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Jim Kenyon: Phantoms of mask theater are haunting public policy

  • Jim Kenyon. Copyright (c) Valley News. May not be reprinted or used online without permission. Send requests to

Valley News Columnist
Published: 5/18/2021 9:54:32 PM
Modified: 5/18/2021 9:54:30 PM

Customers entering Starbucks in downtown Hanover on Monday morning were greeted by a new sign on the front door: “If you are fully vaccinated, facial coverings are optional.”

But outside the cafe, a town poster hanging on a pole above the sidewalk reminded pedestrians that “face masks are required to be worn beyond this point.”

Talk about mask confusion.

The Centers for Disease Control and Prevention announced Thursday that it’s OK for people who are fully vaccinated to ditch their COVID-19 masks in most indoor settings. New Hampshire Gov. Chris Sununu had already let the state’s mask mandate expire in mid-April. But Hanover is among several Upper Valley communities where local officials remain unconvinced that going maskless — even for the fully vaccinated — is sound public policy.

“I still worry,” Hanover Town Manager Julia Griffin said, standing outside Town Hall, where both us were masked up on Monday. “We’re going to err on the side of caution.”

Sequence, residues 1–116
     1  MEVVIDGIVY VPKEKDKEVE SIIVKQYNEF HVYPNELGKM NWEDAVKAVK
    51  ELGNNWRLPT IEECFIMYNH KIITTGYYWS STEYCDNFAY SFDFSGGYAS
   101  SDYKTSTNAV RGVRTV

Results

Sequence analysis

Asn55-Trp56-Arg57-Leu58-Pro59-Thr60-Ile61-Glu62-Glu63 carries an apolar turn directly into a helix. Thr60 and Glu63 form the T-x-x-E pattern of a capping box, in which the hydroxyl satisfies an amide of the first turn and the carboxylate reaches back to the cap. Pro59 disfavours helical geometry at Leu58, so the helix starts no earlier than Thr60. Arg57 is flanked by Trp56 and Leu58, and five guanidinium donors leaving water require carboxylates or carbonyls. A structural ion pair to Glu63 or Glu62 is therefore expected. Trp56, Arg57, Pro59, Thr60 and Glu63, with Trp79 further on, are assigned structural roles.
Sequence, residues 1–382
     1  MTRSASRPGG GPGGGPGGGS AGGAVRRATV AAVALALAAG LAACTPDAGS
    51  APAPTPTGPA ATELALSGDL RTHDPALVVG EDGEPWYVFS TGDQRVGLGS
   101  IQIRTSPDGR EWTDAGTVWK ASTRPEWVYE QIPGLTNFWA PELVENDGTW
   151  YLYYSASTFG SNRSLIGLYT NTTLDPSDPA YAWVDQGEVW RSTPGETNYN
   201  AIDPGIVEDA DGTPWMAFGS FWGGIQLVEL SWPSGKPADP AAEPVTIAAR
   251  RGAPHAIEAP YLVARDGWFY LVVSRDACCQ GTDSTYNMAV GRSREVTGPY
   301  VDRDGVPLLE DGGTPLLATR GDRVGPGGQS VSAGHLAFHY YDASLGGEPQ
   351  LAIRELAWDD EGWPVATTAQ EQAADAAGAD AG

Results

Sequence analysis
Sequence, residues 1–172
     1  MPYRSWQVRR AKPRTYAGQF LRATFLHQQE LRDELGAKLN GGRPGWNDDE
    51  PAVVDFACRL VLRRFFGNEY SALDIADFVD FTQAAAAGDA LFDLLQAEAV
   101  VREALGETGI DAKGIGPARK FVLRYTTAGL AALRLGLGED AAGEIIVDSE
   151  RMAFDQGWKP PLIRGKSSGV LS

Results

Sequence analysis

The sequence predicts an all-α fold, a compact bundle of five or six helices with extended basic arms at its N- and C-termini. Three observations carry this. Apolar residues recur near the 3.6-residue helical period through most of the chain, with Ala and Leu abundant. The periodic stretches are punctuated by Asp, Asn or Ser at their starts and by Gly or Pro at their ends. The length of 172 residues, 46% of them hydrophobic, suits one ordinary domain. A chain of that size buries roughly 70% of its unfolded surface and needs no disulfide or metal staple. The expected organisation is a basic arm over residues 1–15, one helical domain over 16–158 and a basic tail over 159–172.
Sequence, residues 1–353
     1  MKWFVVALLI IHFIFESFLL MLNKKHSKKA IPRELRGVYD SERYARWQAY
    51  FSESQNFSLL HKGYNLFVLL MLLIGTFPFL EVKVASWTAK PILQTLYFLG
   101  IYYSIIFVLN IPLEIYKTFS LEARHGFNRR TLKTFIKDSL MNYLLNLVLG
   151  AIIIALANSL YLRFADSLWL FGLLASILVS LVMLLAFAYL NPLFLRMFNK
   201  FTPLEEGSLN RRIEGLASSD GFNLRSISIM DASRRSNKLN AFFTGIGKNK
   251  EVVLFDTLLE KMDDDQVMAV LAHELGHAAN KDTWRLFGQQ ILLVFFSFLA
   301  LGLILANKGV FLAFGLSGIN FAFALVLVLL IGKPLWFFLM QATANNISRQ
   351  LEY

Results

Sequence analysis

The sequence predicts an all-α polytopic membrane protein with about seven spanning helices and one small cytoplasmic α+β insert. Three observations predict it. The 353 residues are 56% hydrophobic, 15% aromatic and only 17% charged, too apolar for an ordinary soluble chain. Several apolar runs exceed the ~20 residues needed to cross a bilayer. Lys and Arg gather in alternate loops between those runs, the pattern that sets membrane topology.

Griffin told me that Starbucks could expect a friendly visit from Hanover’s health officer later in the day to reinforce that masks are still required in the store.

“We’ll set them straight,” she said.

After the CDC announcement, Starbucks was among the national retailers to shelve its mask mandate for fully vaccinated customers, as long as state and local governments had done the same.

I don’t mean to sound like an anti-masker, but it’s time more Upper Valley communities allowed the fully vaccinated to let down their face coverings. Along with Hanover, I’ve noticed that Lebanon and Norwich, for starters, have yet to follow the CDC’s lead.

It’s not about granting personal freedoms. It’s about following science.

The CDC has determined that people can safely resume pre-COVID-19 indoor activities without wearing a mask or staying 6 feet apart, if they’re two weeks beyond their second dose in a two-dose series or two weeks after a single-dose vaccine (Exceptions include health care facilities, homeless shelters, prisons and public transportation.)

“Additionally, a growing body of evidence suggests that fully vaccinated people are less likely to have asymptomatic infection or transmit (COVID-19) to others,” the CDC reported last week.

The agency’s new policy is based on recent “real world” studies conducted in the U.S. and Israel on people who’ve been vaccinated.

“The CDC does have data to support this decision,” John Swartzberg, an infectious-disease specialist and clinical professor emeritus at the University of California, Berkeley’s School of Medicine, told The New York Times. “It’s not like they’re operating on the fly.”

Given the CDC announcement, I’m not sure what some Upper Valley communities are waiting for.